She was sick and tired of the Rolling Stones, and the rest of them. And he might at least turn the volume down.

Empty World - John Christopher. 1. THEY WERE DRIVING ALONG THE motorway on a bright sunny morning, everyone happy.

carousel previous carousel next. The HMS Victory Story. The Race for Hitler's X-Planes: Britain's 1945 Mission To Capture Secret Luftwaffe Technology. For the Love of a Butterfly. carousel previous carousel next. Empty World - John Christopher.

When a deadly virus kills off most of the world's population, a teenaged boy tries to survive in a seemingly empty England. When Neil survives a deadly plague and plunges into solitude, he must question everything in this gripping adventure from critically acclaimed Tripods author John Christopher. Neil's world is shattered when he and his family are involved in a horrible car accident that leaves him an orphan. He is sent to live in a small village with his grandparents, whom he loves but doesn't really know.

I read this book when I was 14. It was so memorable that at 29 now, I remember exactly where I was and how old I was when I read it in one sitting!You cannot say that about many books; this is only one of two of my childhood books that are so well written that they never left me and I know that re-reading it again as an adult will not change my perspective. I had prepared myself for a boring day at my dad's work to sit and wait for him to end his shift, when I pulled this out of a bag my mum had packed for me. Those were the quickest 8 hours of my young life, I was disappointed only in that the journey was over. Even then, all I could think was how beautifully written it was, and I was in no way the critic back then that I am now.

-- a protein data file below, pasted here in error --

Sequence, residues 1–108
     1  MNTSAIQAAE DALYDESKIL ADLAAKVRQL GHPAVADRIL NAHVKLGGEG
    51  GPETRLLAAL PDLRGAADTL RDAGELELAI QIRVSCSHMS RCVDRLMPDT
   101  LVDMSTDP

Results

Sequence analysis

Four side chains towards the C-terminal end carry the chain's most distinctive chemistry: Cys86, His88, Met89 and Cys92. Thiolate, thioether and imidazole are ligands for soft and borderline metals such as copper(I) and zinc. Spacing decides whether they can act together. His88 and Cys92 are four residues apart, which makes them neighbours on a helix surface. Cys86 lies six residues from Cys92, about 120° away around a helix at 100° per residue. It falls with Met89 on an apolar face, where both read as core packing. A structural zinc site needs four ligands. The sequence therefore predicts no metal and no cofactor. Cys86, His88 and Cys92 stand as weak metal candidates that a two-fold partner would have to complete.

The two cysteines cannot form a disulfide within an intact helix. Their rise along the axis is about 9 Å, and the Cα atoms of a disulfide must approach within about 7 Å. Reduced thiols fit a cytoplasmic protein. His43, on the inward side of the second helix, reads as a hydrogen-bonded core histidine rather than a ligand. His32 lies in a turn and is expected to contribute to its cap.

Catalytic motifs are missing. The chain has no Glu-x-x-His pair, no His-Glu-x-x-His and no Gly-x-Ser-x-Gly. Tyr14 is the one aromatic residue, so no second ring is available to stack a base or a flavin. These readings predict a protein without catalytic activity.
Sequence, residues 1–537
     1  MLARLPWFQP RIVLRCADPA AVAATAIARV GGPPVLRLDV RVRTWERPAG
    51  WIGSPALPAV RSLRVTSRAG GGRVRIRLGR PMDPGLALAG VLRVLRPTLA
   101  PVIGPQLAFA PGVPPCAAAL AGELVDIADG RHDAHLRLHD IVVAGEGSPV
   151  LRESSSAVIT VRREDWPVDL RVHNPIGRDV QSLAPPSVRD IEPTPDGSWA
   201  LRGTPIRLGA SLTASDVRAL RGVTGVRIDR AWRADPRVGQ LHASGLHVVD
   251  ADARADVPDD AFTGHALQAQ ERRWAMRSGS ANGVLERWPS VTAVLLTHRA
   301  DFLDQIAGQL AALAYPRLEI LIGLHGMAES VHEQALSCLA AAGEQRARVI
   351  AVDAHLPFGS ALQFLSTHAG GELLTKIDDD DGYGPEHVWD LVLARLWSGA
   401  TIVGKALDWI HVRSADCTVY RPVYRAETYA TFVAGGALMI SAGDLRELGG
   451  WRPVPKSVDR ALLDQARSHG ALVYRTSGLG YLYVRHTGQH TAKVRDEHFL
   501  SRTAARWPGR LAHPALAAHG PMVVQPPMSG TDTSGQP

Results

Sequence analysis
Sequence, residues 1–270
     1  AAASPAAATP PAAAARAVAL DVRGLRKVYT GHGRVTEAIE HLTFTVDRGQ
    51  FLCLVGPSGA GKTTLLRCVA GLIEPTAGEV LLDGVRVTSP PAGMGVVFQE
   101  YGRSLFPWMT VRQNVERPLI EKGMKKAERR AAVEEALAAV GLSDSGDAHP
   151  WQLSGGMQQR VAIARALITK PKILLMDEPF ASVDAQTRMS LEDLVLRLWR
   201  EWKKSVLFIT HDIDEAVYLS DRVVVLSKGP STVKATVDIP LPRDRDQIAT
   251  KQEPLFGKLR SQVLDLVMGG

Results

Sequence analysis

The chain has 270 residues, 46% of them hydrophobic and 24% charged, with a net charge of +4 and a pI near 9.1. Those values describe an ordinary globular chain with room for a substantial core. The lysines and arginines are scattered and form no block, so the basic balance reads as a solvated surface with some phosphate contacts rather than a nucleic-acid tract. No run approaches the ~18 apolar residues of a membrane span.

The pace of it is slow, there is a lot of reflection, but it is thought provoking. It is not an action filled block buster type of dystopia, it is a still dystopia. It's about the emotions and the thoughts, and the emptiness of the world around. I think it's very easy to write a fast paced end-of-the-world type, it takes some real talent writing quit the opposite. The closest other "still" dystopia I can think of is "The Road" where the focus is on the character's emotional survival in a changed world, rather than the catastrophic change itself.

I recommend it if you enjoyed The Road, I don't recommend it if you're looking for a War of The Worlds type.